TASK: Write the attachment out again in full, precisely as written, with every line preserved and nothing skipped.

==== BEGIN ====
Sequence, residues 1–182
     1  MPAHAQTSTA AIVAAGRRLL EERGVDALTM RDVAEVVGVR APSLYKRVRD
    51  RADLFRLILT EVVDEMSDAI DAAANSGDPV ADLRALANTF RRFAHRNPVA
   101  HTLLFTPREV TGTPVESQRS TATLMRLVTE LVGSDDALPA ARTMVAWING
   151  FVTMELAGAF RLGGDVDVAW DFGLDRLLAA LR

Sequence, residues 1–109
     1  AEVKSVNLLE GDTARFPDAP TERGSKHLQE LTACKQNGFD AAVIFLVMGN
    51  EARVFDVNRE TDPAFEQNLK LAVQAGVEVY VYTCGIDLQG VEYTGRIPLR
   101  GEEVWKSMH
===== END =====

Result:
Sequence, residues 1–182
     1  MPAHAQTSTA AIVAAGRRLL EERGVDALTM RDVAEVVGVR APSLYKRVRD
    51  RADLFRLILT EVVDEMSDAI DAAANSGDPV ADLRALANTF RRFAHRNPVA
   101  HTLLFTPREV TGTPVESQRS TATLMRLVTE LVGSDDALPA ARTMVAWING
   151  FVTMELAGAF RLGGDVDVAW DFGLDRLLAA LR

Sequence, residues 1–109
     1  AEVKSVNLLE GDTARFPDAP TERGSKHLQE LTACKQNGFD AAVIFLVMGN
    51  EARVFDVNRE TDPAFEQNLK LAVQAGVEVY VYTCGIDLQG VEYTGRIPLR
   101  GEEVWKSMH